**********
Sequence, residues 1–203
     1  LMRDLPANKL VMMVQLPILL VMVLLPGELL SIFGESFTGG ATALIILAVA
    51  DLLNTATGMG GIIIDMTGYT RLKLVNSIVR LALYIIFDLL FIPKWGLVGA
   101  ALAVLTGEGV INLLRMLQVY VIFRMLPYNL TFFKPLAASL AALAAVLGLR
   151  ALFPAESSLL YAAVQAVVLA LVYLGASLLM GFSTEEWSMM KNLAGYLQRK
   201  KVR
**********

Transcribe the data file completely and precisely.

Sequence, residues 1–203
     1  LMRDLPANKL VMMVQLPILL VMVLLPGELL SIFGESFTGG ATALIILAVA
    51  DLLNTATGMG GIIIDMTGYT RLKLVNSIVR LALYIIFDLL FIPKWGLVGA
   101  ALAVLTGEGV INLLRMLQVY VIFRMLPYNL TFFKPLAASL AALAAVLGLR
   151  ALFPAESSLL YAAVQAVVLA LVYLGASLLM GFSTEEWSMM KNLAGYLQRK
   201  KVR